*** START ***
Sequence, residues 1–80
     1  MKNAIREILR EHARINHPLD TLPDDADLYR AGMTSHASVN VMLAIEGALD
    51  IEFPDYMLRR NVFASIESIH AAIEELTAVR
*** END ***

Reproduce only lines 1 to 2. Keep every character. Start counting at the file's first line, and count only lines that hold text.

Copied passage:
Sequence, residues 1–80
     1  MKNAIREILR EHARINHPLD TLPDDADLYR AGMTSHASVN VMLAIEGALD